Jo arrived at the brownstone on a Saturday, ready to start her job as governess to the wealthy Kirke children. It hadn't exactly been a spur of the moment decision to come, but neither had she thought about it long and hard. She'd been restless, impatient for change, and in the job offer, she'd seen an opportunity for adventure.
After the taxi dropped her off, she stood gazing at the building for a few seconds. It was three stories high, and to Jo, it seemed to have far too many angles. Seven cement steps led up to the front door. The building was surrounded by small but tidy gardens, and in front was a brown block and wrought iron fence. Sparse trees grew at regular intervals along the sidewalk.
Well, here goes nothing, she thought to herself as she began to climb the steps. When she reached the top, she rang the doorbell, then just stood there, tapping her foot and humming to herself, until the door swung open.
The woman who'd opened the door was stylishly dressed in white slacks and a red sweater. She had shoulder-length, curly dark brown hair and looked to be about thirty-five.
"Good evening, ma'am," said Jo. "I'm Jo March."
"Oh, yes. I was expecting you." The woman smiled and shook her hand. "I'm Sharon Kirke. It's so nice to meet you. Come on in. I'll introduce you to the girls."
The living room was large and spacious. The walls were painted white, and a chandelier hung from the ceiling. Two large windows at one end let in light, and the walls held several large paintings and also had niches for small plants. A sofa was against one wall, and two little girls of about seven and five sat on it, watching television. They both had long, straight brown hair, a couple of shades lighter than their mother's, and they both had hazel eyes and freckles.
"Come and meet your new governess, Miss March," Sharon called to them. They walked over and stood staring at Jo. The older girl blew a pink bubble with her gum and it popped.
"This is Kerri, and this is Kelli," Sharon told Jo.
"Hello, girls," said Jo, reaching to shake each of their hands.
"Hello," both girls replied.
"What are you watching?" asked Jo.
"Spongebob Squarepants," Kerri told her.
"That's a funny show, isn't it?" asked Jo. "I like it too! May I watch it with you?"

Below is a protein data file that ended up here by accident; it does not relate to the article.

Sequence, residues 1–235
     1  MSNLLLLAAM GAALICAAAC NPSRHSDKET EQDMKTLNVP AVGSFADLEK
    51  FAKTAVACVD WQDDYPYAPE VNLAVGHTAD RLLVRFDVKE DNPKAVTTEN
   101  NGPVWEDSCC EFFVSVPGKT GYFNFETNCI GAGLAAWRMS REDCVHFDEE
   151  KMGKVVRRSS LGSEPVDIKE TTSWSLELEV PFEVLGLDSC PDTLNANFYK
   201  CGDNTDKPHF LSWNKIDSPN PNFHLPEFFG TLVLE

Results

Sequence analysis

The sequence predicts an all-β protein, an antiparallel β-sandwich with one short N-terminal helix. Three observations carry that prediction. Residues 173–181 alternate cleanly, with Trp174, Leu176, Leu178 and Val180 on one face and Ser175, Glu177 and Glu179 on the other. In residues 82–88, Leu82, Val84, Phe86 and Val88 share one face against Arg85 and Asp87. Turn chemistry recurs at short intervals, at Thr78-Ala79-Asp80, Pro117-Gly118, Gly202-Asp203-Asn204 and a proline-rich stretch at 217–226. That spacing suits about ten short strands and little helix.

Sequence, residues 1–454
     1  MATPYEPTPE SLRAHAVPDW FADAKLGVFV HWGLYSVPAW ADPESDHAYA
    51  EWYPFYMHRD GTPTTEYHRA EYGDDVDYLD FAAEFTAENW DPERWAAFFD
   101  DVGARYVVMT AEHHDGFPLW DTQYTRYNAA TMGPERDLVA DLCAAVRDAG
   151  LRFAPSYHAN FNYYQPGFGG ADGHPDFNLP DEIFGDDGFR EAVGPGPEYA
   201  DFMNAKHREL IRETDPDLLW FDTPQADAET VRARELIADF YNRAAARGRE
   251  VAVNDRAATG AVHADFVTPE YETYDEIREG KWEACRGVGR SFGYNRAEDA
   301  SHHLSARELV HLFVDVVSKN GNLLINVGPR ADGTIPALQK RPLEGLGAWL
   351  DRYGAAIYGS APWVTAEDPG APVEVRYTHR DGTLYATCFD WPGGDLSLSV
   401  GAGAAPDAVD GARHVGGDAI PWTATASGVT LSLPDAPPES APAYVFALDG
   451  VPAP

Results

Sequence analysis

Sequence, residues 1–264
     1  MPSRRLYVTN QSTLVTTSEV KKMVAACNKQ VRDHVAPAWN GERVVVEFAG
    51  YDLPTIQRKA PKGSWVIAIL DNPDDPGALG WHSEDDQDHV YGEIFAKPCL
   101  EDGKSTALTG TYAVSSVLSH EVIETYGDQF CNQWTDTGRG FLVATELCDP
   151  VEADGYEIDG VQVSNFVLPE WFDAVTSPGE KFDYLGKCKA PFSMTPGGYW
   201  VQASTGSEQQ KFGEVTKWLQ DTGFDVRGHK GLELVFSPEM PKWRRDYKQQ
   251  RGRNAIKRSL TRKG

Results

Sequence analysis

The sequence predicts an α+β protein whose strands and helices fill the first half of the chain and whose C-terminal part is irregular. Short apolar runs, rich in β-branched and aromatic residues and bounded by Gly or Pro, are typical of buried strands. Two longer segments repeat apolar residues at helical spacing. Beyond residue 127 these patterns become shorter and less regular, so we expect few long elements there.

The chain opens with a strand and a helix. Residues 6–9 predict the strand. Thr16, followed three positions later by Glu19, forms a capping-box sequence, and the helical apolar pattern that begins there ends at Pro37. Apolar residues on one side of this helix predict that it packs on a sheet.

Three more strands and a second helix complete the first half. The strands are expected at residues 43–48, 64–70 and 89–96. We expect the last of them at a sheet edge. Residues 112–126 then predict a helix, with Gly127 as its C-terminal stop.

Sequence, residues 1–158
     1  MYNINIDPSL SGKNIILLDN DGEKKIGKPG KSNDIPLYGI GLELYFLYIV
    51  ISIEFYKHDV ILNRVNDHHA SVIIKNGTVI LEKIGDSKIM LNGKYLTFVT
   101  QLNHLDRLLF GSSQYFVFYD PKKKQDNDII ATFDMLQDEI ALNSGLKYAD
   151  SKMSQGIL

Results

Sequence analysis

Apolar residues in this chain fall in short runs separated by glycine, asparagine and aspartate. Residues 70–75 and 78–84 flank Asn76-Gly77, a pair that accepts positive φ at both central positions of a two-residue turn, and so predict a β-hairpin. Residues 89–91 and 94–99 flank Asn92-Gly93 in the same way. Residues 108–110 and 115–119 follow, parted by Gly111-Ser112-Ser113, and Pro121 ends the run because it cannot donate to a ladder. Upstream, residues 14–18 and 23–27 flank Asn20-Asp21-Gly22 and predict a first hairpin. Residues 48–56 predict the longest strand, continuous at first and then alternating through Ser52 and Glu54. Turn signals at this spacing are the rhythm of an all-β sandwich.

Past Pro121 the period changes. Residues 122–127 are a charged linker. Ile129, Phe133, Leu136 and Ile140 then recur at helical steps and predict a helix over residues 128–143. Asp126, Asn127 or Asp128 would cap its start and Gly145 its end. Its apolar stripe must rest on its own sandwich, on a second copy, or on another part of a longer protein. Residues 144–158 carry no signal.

"Yes ma'am," said Kerri.
"Please don't call me ma'am," said Jo. "It makes me feel so old!"
She watched television with her new charges until Sharon came in to tell them dinner was ready.
"You're welcome to join us, Miss March," she added.
"Thanks," Jo replied. "And please, just call me Jo."
The dining room was also large and looked cozy, with a fireplace against one wall. The table was white and was surrounded by four chairs.
What about Mr. Kirke? Jo wondered, but knew it would be impolite to ask.
The table was set with a sumptuous feast: a huge bowl with a salad with various greens and other vegetables, shrimp scampi, Tuscan herb garlic dipping oil, and crusts of bread for dipping.
"My cook is the best," said Sharon. "She cooks the most delicious meals."
"She makes good desserts too!" Kelli piped up. Jo found out how right she was when she tasted the tiramisu the maid served for dessert.
"So how's your mother?" Sharon asked as they were eating.
"She's fine,' said Jo. "She spends most of her time these days helping Meg with the twins."
Sharon's eyebrows rose in surprise. "Meg has twins?"
Jo smiled. "Oh yes! A boy and a girl. They're four months old now."
"So you're an aunt! Congratulations!"
"Thanks." Although Jo didn't spend much time with Johnny and Daisy, her heart held a tender spot for her niece and nephew.
"And how is Beth?" asked Sharon.
Jo sighed. "She's well." While that wasn't quite true, Jo didn't want to burden her mother's friend with her own worries.
"I'm glad to hear it," said Sharon.
The rest of the meal was a quiet affair. The mention of Beth's name had put a damper on the otherwise cheerful conversation. The irony was that, although one of the reasons Jo had come to New York had been to escape from her constant worry over her younger sister's health, the obsession had followed her like a shadow, lying in wait for the chance to burst upon the scene.
She saw him for the first time Sunday afternoon. It was cold but sunny, and shed' taken the girls to the park. He was leaning against a tree, watching two little boys at play - his sons, she assumed.
He was of medium height and stout, with unruly brown hair falling into his eyes. He had a neatly trimmed goatee. He wore beige corduroy slacks and well worn brown boat shoes with his parka. He was at least thirty-five, if not a year or two older.
"Hi, Professor!" called Kerri and Kelli as they ran to greet him.
"Ah, my darling Kerri and Kelli." He had a foreign accent. He took something from his pocket and handed them to each girl. Jo saw they were butter rum Lifesavers. "A beautiful day to come to the park, is it not?"
"Uh huh," said Kerri and Kelli, sucking on their candy.
At last he saw Jo, and smiled, showing perfect teeth.
"You must be new here. I have not seen you before."
His voice had a pleasant quality, like a melody, and his brown eyes twinkled merrily.
"I'm Jo March, Kelli and Kerri's new governess." She held out her hand, and he shook it, holding onto it a second or two longer than normal. She didn't mind at all.
"A lovely lady with a lovely smile," he said. "My name is Friedrich Bhaer, but you may call me Fritz. Everyone does."